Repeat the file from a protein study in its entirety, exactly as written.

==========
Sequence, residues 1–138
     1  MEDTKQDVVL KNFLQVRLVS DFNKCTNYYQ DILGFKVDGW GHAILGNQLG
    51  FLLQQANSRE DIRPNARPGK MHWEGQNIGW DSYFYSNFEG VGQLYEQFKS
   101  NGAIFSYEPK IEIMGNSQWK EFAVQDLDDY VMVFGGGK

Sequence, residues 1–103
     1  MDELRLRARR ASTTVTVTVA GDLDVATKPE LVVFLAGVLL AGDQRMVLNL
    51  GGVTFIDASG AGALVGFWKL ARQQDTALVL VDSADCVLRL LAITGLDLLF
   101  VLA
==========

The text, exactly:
Sequence, residues 1–138
     1  MEDTKQDVVL KNFLQVRLVS DFNKCTNYYQ DILGFKVDGW GHAILGNQLG
    51  FLLQQANSRE DIRPNARPGK MHWEGQNIGW DSYFYSNFEG VGQLYEQFKS
   101  NGAIFSYEPK IEIMGNSQWK EFAVQDLDDY VMVFGGGK

Sequence, residues 1–103
     1  MDELRLRARR ASTTVTVTVA GDLDVATKPE LVVFLAGVLL AGDQRMVLNL
    51  GGVTFIDASG AGALVGFWKL ARQQDTALVL VDSADCVLRL LAITGLDLLF
   101  VLA